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I noticed something strange. I expect a segfault to be produced running the following code, but it isn't.

void DeadlineTimeOut(const boost::system::error_code& pErrorCode, boost::thread* pThread) 
    std::cout << "Error code: #" << pErrorCode.value() 
      << " Message: " << pErrorCode.message() << std::endl;
    std::cout << "Thread Address = " 
      << pThread << std::endl; // "sth. like 0x33aabc0"


    delete pThread;
    delete pThread;

    std::cout << "Stopped execution thread #" 
      << pThread->get_id() << std::endl; // "{Not-any-thread}"

So, why is the double delete possible? And also calling a member? I'm a little confused at the moment.

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This is a perfectly valid question. Why the downvotes? –  jadarnel27 Sep 14 '11 at 13:16
Made some changes for better reading, sorry i missed thad out at first –  Benjamin Sep 14 '11 at 13:16
The downvotes probably stem from the fact that the question is obscured by using boost::thread. It would be the same with an int* and we could simply close it as a dup. –  pmr Sep 14 '11 at 13:18
@pmr: That makes sense. As usual, it would be nice if people didn't ignore that little orange window when they downvote something. –  jadarnel27 Sep 14 '11 at 13:27
@jadarnel27 what would be even nicer if questions like this wouldn't be voted up so I didn't have to waste reputation to vote them down again. –  pmr Sep 14 '11 at 13:29

1 Answer 1

up vote 13 down vote accepted

Deleting a pointer twice is undefined behaviour. There's no guarantee of a segfault. You might get one if you're lucky; you might not. The code might pass all your testing and then blow up in your customer's face at the worst possible moment. See the C++ FAQ.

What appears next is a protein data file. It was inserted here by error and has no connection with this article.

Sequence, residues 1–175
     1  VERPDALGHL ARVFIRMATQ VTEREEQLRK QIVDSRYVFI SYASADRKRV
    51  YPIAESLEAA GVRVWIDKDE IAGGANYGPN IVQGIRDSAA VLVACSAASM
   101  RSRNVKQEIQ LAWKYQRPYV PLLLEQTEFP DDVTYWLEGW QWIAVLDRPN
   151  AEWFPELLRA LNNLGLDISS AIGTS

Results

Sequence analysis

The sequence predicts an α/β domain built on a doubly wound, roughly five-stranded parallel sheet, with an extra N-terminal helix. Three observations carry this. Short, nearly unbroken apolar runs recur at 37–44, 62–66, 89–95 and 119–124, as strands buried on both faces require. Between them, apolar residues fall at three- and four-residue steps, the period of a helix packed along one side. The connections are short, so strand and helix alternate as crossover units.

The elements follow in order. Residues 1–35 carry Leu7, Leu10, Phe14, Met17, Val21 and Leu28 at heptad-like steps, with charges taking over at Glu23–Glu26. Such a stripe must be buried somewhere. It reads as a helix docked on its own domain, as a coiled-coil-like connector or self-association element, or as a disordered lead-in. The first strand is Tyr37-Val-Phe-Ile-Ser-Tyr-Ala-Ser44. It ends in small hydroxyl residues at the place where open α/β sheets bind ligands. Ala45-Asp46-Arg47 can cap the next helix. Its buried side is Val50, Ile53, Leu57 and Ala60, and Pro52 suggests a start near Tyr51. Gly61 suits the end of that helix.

The same goes for dereferencing a pointer that's been deleted (the pThread->get_id() in your code).

A simple defensive technique is to set pointers to NULL as soon as they've been deleted, instead of letting them dangle. This may help catch some bugs of this type.

The above applies to pointers of any type, and not just boost::thread*.

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Why downvote? This is the correct answer –  Armen Tsirunyan Sep 14 '11 at 13:16
Can't say that I agree with setting pointers to NULL. This really doesn't defend against anything; most of the time, a pointer which is deleted will be going out of scope immediately anyway, and setting this pointer to NULL doesn't do anything about other pointers which point to the same object (and which have also become invalid). –  James Kanze Sep 14 '11 at 13:30
@Martin: I fully agree with James about this issue. Setting pointers to NULL just masks errors. The best way to deal with a pointer you don't need anymore is to let it fall out of its scope. In that, setting your pointer to NULL resembles praying as a contraceptive: it sounds nice, but doesn't help. –  sbi Sep 14 '11 at 16:15
@Nic: Still another 25-30 lines? It seems your functions are way too long. –  FredOverflow Sep 14 '11 at 19:12
@Nicol: I rarely ever use naked pointers, and I haven't used them for managing resources in at least a decade, except as members of a class that has the sole purpose of managing that resource. There, your delete ptr_; is in the dtor, right before the closing }. –  sbi Sep 14 '11 at 19:13

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